The Wicker King by K. Ancrum
The format of this book hits you first. The chapters are really (really) short. There are photos, documents, and other “visuals” that help tell the story. The narrator is unreliable and his friend is unreliable. Because of all of these things, it’s sometimes hard to figure out what is going on or what a character is actually thinking or feeling, rather than what they appear to be thinking or feeling. The prologue starts in media res, and the narrator occasionally has memories or flashbacks of memories throughout the book, so the story isn’t very linear, either. But August (the narrator) clearly notes when that is happening, rewarding your close attention. Your mileage may vary just based on the structure and format, but I loved it.
The narrator’s best friend, we learn, is suffering from hallucinations, so part of the plot is the narrator trying to figure out what to do about the hallucinations in terms of a mental illness, and part of the plot is the narrator trying to figure out what to do about the hallucinations in terms of actual real things that are happening in another world.
So yes, this is a tricky book to read, but well-worth it. It explores mental illness, toxic friendships, healthy friendships, child neglect (degrees of), child abuse (degrees of), and what real emotional and mental support is. I loved the two main characters, as well as their “staff” of supporting characters: the twins Peter and Roger, who care too much and are Angry About It; Rina, the lonely graduate trying to make it; and the rest. I liked that even though August and Jack were trapped in some ways, and felt 100% alone and trapped, the book was subtly showing all of the helpers that they had around them, who ultimately keep them from a Real Bad Ending.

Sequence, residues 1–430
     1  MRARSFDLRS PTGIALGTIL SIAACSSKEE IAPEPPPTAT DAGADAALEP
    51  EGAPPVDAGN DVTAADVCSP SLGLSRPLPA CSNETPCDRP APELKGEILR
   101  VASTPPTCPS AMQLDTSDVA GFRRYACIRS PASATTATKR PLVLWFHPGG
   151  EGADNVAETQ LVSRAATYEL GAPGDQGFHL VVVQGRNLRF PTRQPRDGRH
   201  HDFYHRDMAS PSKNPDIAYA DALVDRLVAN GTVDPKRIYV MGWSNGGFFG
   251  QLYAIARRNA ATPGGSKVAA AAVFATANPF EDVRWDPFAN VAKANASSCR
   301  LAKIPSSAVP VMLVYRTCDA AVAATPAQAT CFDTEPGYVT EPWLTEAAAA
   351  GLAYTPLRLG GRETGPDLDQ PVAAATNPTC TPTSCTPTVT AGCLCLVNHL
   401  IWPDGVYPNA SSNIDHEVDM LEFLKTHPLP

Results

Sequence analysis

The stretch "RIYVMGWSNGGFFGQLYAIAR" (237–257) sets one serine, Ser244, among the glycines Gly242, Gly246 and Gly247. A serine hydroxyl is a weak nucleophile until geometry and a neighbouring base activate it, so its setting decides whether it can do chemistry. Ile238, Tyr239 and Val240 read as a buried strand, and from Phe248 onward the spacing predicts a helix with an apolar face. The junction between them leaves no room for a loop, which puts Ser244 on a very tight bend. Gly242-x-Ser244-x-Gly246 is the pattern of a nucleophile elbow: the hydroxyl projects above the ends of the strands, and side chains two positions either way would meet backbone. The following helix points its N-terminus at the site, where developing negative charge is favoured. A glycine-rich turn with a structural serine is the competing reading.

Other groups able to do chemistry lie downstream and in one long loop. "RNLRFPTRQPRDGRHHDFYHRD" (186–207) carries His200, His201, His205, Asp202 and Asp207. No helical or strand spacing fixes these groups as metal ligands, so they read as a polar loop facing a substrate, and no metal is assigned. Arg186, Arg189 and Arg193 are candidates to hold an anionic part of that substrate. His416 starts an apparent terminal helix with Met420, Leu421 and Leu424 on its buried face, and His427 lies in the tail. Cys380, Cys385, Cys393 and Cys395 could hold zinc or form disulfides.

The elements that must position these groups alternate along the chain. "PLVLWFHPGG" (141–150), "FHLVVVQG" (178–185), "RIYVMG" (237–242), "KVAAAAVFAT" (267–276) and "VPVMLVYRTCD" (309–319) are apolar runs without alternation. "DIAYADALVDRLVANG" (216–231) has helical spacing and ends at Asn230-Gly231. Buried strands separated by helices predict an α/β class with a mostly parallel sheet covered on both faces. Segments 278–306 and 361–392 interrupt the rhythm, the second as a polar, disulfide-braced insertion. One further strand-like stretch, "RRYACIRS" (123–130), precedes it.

I do have some problems with the book, mostly in how the third act plays out. It seems too neat, considering the GIANT MESS OF PROBLEMS that the characters have to deal with. Mental health is important and difficult, and I didn’t feel like either of the MCs had properly dealt with the co-dependency, everything else aside. I worry about Jack and August in the future, whether they’ll learn to lean on their support system, whether they’ll learn to not lean on each other so much; whether they will let go of the hallucinations or if those will still play out in their lives somehow (that last page implied that they’ve still got some serious kinks to work out, pun intended).